Le frisson des vampires; AKA Sex and Vampires, Strange Things Happen at Night, Terror of the Vampires, Thrill of the Vampire, Vampire Thrills

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“A grandfather clock is of no interest – a vampire woman getting out of this clock at midnight, that’s me!”―Jean Rollin

DIRECTED BY: Jean Rollin

FEATURING: Sandra Julien, Jean-Marie Durand, Dominique, Marie-Pierre Castel (as Marie-Pierre Tricot), Kuelan Herce, Michel Delahaye, Jacques Robiolles, Nicole Nancel

PLOT: Newlyweds Isle and Antoine arrive at the castle of her beloved cousins, only to be told they died the day before. Isle soon discovers that the castle has become the domain of vampires, that her cousins were vampire hunters who were murdered and converted to the ranks of the undead, and that the lead vampire seeks to welcome the young newlywed into her coven. Antoine soon recognizes the threat to his bride, but he may be too late to prevent her from being seduced by the vampire’s call.

Still from shiver of the Vampires (1971)


  • This was the third of a quartet vampire movies that kicked off Rollin’s directorial career.
  • Marie-Pierre Castel, the blonde half of the pair of Renfield-like maids, is one of two cast members to return from Rollin’s previous feature, The Nude Vampire. She appeared in several of Rollin’s films, usually alongside her twin sister Catherine. (Catherine skipped this installment due to pregnancy).
  • Rollin shot the opening scene, in which the vampire slayers are entombed, in black-and-white as a nod to classic Universal horror films.
  • The director credited actors Delahaye (the other returning cast member) and Robiolles with improvising much of their dialogue, as they would often forget sections of their lengthy speeches during the extended takes.
  • Actress Nancel was widely disliked on the set, but she rose in the crew’s estimation when she volunteered to do a second take of a scene where her body is tossed into a moat, into water that was brackish and potentially toxic.
  • Explicit inserts were shot separately to turn this into a porno in some markets (a practice that was not infrequent in European horror movies in the early 70s).

INDELIBLE IMAGE: Are you kidding? It can only be the clock. Isolde, the vampire queen with the ghastly pallor, has a knack for entrances, but none is grander or more surprising than her first appearance, climbing out from within a grandfather clock and immediately pawing at the naked young woman she finds standing there. Rollin himself was unable to shake the sight; he returned to it in later films.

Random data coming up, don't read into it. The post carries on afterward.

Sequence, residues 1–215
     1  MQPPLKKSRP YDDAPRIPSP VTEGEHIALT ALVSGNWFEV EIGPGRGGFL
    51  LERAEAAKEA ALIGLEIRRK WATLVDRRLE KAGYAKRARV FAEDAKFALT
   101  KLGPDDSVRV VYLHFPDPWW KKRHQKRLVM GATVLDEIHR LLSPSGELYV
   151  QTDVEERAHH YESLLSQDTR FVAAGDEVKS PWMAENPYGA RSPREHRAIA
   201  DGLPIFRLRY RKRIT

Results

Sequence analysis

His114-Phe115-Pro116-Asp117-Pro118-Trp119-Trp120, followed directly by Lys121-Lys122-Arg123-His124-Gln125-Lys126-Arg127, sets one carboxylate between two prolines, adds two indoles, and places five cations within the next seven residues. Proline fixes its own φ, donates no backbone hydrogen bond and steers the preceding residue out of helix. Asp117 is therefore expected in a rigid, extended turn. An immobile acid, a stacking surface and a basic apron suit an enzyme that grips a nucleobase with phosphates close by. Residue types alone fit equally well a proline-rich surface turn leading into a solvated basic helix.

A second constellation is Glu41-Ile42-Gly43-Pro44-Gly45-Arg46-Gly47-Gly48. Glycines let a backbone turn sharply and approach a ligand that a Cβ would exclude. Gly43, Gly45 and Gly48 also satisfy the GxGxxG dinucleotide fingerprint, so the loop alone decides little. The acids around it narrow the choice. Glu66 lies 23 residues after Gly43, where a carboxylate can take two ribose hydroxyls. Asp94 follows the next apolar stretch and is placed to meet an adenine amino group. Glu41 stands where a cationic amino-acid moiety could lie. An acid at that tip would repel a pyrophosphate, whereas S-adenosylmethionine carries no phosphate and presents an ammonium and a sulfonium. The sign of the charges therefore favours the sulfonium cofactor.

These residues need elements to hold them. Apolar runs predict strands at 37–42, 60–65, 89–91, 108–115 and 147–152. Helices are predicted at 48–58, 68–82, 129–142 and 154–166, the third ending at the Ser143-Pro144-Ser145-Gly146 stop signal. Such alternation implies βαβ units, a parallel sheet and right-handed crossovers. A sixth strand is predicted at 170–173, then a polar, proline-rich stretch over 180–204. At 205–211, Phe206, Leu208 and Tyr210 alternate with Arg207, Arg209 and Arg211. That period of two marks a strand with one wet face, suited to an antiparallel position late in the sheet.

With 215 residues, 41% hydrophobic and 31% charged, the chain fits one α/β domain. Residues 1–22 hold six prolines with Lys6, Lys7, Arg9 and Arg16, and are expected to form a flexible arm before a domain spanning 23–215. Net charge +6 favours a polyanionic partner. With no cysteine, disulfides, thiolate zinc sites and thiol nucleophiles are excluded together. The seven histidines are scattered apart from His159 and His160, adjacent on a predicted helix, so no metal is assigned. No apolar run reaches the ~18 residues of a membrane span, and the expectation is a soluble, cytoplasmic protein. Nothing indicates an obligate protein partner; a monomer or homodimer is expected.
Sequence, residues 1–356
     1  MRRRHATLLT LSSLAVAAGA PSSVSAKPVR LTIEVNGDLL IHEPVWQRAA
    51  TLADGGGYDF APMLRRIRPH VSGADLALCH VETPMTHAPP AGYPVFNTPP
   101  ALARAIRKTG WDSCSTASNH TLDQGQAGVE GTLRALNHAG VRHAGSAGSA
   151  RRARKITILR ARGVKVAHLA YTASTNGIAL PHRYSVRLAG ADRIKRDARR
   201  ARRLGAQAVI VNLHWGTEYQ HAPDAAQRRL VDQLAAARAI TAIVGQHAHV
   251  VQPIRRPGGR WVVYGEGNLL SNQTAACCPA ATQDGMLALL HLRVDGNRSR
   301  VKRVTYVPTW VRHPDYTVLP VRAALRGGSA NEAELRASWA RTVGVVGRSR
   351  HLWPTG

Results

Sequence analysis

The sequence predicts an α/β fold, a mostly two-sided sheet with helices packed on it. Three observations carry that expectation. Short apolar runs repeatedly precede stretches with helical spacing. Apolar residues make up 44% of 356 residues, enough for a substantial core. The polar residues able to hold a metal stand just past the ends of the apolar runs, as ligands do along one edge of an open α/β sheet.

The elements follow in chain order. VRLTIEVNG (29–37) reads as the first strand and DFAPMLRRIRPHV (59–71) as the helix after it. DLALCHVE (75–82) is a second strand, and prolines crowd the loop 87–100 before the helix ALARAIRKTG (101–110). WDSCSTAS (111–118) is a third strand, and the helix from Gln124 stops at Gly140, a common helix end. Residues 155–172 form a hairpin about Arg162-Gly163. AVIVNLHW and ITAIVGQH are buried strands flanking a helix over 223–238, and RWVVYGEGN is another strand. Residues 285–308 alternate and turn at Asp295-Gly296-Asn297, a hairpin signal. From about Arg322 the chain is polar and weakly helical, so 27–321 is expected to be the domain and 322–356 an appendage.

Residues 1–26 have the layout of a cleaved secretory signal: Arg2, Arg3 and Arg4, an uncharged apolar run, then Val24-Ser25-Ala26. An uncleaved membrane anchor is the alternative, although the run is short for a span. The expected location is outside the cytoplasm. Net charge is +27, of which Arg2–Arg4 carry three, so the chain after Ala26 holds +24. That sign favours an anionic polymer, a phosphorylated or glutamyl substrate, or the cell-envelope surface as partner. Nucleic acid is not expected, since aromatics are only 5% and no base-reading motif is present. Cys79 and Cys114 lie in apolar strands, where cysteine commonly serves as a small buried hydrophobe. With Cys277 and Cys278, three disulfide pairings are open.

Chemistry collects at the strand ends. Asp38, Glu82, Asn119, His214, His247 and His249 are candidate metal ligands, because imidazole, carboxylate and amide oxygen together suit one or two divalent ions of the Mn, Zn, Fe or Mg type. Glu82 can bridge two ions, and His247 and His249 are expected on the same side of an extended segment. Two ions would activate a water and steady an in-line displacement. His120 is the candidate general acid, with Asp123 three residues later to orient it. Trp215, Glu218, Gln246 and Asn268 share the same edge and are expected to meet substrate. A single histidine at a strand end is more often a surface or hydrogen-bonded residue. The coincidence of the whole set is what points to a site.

TWO WEIRD THINGS: Death by pointy pasties; cousins deliver exposition in-the-round

WHAT MAKES IT WEIRD: Easily ranking among the most elegant grindhouse movies ever made, The Shiver of the Vampires is relentless in its pursuit of exceedingly tasteful presentations of tawdry material. Gothic fashions and decor coexist harmoniously with a summer-of-love psychedelic vibe, all for the ostensible purpose of setting up vignettes of softcore smut but really in pursuit of an air of erotic disquiet. The film knows what it wants, and does exactly what it intends to do to get there.

Scene from Shiver of the Vampires

COMMENTS: How frequently over the years have movies been called out for being “delivery systems” for whatever the real meat of the movie is? “It’s not a movie, it’s a just an excuse to show a lot of gunplay/jokes/action/sex scenes/dance numbers/what-have-you.” What makes The Shiver of the Vampires especially peculiar is that it seems primed to be one of those movies. One would imagine that this is either going to be a haunting Gothic horror or a playful sex romp. But while Jean Rollin absolutely has one thing on his mind, it isn’t scares and it isn’t titillation. No, he’s here for the vibes, man. The Shiver of the Vampires is a delivery system for mood.

You can tell this is what Rollin is after because many essential elements of drama do not interest him at all. Certainly not plot. There’s only the barest thread of a story here, and what little there is makes almost no sense and leaves much unexplained. What the vampires want is utterly irrelevant, and the nature of Isle’s attachment to cousins who appear to be twice her age isn’t even paid lip service. Even the moments when the film does seem to care about what’s going on, via exposition dumps from the two cursed vampire hunters, turn out to be word salads, delivering intensity without comprehensibility. (Rollin stages one such dialogue with the actors orbiting the camera in a dizzying spin, the other actors having been cast centrifugally to the outer edges of the set.)